Blower Side by Side Comparison

     Since I already own the Auber Instruments Pit Controller, I thought I would do a side by side comparison of the two units. Keep in mind that the Auber is two years old and has seen some use and abuse, not to mention that their controller has undergone some changes. Whether those are just cosmetic or not, I have no idea. But, it’s what I have and what I can compare it to.

Blowers

          Upon inspection, the blowers from both companies appear to be identical. The one on top is the Flame Boss and the bottom one is from Auber. If you want to get nit picky, the nuts holding the blowers together are different, but the Auber is two years old. The one from Auber is rated at 6.5 CFM (cubic feet per minute). Although not listed on their site, Flame Boss told me that their blower is also rated at 6.5 CFM. They also informed me that they have designed their own housing and have ordered tooling to manufacture it, so expect changes to come once they get up and running

Score: Tie (awaiting new design from Flame Boss)

Pit Temperature Probes

Pit Temperature Probes Side by Side

Pit Temperature Probes

     Both units came with a K type thermocouple to measure the temperature of the pit. They have an alligator clip to attach them to the grate near your meat. According to Auber instrument’s site, their pit probe has a maximum working temperature of 550F. No information was included with the Flame Boss. Wary of burning out a probe, I sent them an e-mail and got a quick response later that same day. They assured their probe is rated to 550F, which they say is probably a conservative number and that it will be addressed on their website and future versions of their packaging. Flame Boss showed great customer service to me with that e-mail.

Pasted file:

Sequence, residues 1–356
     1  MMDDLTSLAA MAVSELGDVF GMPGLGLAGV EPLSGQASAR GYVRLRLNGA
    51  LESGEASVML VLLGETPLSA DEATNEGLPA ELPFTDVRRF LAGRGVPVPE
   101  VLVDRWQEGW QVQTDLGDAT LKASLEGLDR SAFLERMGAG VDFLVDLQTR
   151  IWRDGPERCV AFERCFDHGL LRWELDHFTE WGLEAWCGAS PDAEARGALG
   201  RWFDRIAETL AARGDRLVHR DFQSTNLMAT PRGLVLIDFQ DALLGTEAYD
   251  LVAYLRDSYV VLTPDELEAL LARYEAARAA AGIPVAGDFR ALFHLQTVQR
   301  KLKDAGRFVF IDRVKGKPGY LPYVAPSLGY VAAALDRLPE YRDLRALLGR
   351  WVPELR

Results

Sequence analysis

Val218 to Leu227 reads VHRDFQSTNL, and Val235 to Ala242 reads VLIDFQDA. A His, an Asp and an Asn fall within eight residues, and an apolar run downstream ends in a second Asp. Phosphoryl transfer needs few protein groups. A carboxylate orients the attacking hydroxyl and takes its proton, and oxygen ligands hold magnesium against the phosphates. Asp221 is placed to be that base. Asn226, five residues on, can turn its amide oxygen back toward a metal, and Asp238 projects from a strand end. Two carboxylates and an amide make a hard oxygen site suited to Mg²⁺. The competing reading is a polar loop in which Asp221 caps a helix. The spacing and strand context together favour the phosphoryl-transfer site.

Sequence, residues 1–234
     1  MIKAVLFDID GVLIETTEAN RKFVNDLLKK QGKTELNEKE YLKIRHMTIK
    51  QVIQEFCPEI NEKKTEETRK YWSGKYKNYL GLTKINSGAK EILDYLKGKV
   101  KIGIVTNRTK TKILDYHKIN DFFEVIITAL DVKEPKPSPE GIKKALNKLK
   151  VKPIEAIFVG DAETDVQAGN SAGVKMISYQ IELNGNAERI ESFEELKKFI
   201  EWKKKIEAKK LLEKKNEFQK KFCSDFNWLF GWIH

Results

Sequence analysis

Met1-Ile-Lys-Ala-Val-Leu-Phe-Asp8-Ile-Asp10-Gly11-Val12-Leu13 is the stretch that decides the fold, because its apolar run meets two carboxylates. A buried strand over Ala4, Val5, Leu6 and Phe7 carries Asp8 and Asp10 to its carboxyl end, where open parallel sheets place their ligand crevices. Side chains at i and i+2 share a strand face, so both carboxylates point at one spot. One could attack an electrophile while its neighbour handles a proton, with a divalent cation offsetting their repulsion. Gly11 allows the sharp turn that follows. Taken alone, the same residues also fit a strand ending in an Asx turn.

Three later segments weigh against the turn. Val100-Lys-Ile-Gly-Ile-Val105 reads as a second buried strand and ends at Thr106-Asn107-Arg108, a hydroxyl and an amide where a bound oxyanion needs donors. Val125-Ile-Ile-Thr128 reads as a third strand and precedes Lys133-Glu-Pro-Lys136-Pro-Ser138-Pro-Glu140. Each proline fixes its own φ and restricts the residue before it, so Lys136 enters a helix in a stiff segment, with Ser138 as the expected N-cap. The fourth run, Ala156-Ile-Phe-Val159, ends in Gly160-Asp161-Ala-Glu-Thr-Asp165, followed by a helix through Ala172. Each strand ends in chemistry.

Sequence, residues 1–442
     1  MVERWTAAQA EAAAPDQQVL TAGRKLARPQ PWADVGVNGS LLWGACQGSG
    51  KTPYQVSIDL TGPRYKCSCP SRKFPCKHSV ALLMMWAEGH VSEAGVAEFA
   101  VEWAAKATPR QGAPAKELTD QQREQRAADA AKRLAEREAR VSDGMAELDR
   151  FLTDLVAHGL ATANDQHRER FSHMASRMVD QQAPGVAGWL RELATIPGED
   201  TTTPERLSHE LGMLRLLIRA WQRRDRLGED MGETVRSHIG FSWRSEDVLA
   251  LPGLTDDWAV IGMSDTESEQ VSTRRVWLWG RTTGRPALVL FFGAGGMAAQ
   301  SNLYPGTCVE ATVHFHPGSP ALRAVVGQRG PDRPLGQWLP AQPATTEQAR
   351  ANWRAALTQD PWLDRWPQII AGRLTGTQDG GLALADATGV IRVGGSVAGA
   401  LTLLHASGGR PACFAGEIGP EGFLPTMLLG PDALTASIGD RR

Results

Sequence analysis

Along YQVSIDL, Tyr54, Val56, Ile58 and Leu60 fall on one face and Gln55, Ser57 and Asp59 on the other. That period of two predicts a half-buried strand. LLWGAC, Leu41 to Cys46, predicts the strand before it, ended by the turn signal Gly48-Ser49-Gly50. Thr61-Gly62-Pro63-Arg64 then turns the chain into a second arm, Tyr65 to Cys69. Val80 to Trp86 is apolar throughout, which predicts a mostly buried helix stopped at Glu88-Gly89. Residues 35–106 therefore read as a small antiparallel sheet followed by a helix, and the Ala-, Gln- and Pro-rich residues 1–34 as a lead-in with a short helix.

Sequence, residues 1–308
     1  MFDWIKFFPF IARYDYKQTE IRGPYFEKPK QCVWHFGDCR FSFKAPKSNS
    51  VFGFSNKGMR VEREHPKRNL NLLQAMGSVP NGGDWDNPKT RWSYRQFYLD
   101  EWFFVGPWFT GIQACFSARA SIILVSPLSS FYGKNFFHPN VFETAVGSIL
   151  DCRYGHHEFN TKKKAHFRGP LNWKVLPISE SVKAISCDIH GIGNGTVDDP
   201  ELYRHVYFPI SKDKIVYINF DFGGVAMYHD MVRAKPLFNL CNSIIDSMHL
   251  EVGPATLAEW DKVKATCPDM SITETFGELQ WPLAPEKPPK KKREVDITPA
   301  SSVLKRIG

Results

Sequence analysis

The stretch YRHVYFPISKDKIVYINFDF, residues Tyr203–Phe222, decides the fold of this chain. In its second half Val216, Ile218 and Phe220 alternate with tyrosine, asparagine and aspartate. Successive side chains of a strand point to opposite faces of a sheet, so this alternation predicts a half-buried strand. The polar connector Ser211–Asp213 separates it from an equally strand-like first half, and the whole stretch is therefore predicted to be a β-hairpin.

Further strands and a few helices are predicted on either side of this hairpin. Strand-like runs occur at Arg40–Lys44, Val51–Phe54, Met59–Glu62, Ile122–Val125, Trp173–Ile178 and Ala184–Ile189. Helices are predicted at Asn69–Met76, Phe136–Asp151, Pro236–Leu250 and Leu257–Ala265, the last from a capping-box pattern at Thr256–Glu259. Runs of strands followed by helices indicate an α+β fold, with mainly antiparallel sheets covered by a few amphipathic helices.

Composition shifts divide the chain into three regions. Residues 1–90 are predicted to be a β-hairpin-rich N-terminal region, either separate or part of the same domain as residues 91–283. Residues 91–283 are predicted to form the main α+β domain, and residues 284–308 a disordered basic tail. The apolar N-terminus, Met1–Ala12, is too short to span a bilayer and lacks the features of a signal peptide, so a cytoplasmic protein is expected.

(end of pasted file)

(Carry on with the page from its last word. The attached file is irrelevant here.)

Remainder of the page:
Score: Tie

Power Adapters Side by Side

Power Adapters Side by Side

Power Adapters

     Power Adapters. They supply the power to the unit. Not much to say about them. They both have little green LED lights so you know they are working. They were interchangeable to both units. Not really something to judge either one on.

Score: Tie (even if not very important)

Mounting Adapters

Mounting Adapters Side by Side

Mounting Adapters    

     Mounting adapters are exactly what they sound like…an adapter that allows you to connect the blower to your smoker. In the picture above, you can see the adapter for Auber Instruments on the left (a bit dirty from years of use) and on the right are the two that come with the Flame Boss. With Auber instruments, you select the smoker you own and they send you the adapter you need. Flame Boss sends you two adapters that allow you to use it on a Medium, Large or XL Big Green Egg, Kamado Joe’ Big Joe 18 and 24 or Primo’s Oval and Kamado Grills. The adapter for the Auber and the one on the bottom for the Flame Boss are identical. If you happen to own multiple ceramic grills from different manufacturers, having two different adapters would be nice.